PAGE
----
Your comments are welcomeWould you like to see your comments posted here? rbreneiYenDSFIEpqiZcsner@ChacDRHBGgHcrlcIkqwxoCanyon.comSend me your comments by email, or by Web form.
About Point Lookout
Thank you for reading this article. I hope you enjoyed it and found it useful, and that you'll consider recommending it to a friend.
Support Point Lookout by joining the Friends of Point Lookout, as an individual or as an organization.
Do you face a complex interpersonal situation? Send it in, anonymously if you like, and I'll give you my two cents.
More articles on Personal, Team, and Organizational Effectiveness:
- Take Regular Temperature Readings
- Team interactions are unimaginably complex. To avoid misunderstandings, offenses, omissions, and mistaken
suppositions, teams need open communications. But no one has a full picture of everything that's happening.
The Temperature Reading is a tool for surfacing hidden and invisible information, puzzles, appreciations,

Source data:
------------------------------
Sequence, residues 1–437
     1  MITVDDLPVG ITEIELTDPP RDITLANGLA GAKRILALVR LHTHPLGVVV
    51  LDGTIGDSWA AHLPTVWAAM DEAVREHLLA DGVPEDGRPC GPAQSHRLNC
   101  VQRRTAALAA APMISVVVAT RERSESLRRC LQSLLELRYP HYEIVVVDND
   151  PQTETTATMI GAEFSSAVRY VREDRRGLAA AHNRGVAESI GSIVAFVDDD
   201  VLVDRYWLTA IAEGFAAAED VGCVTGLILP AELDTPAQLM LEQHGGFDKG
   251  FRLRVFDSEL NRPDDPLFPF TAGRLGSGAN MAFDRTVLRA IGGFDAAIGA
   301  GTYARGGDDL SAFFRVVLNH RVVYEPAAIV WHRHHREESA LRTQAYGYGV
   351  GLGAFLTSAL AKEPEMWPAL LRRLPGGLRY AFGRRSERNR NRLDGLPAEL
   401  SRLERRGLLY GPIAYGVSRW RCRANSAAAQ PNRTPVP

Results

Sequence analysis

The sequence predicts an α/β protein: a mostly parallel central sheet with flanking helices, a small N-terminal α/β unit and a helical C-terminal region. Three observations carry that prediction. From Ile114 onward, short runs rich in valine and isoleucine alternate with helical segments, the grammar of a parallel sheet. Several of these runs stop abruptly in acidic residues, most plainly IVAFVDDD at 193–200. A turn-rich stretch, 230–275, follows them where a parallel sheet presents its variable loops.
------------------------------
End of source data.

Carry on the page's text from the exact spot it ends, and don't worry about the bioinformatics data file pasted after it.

frustrations, and feelings.
- Heavy Burdens: Should, Always, Must, and Never
- As a leader you carry a heavy burden. You're accountable for everything from employee development to
meeting organizational objectives, and many of these responsibilities conflict. Life is tough enough,
but most of us pile on a load of over-generalized rules of work life — a load too heavy for anyone
- Changing the Subject: II
- Sometimes, in conversation, we must change the subject, but we also do it to dominate, manipulate, or
assert power. Subject changing — and controlling its use — can be important political skills.
- Action Item Avoidance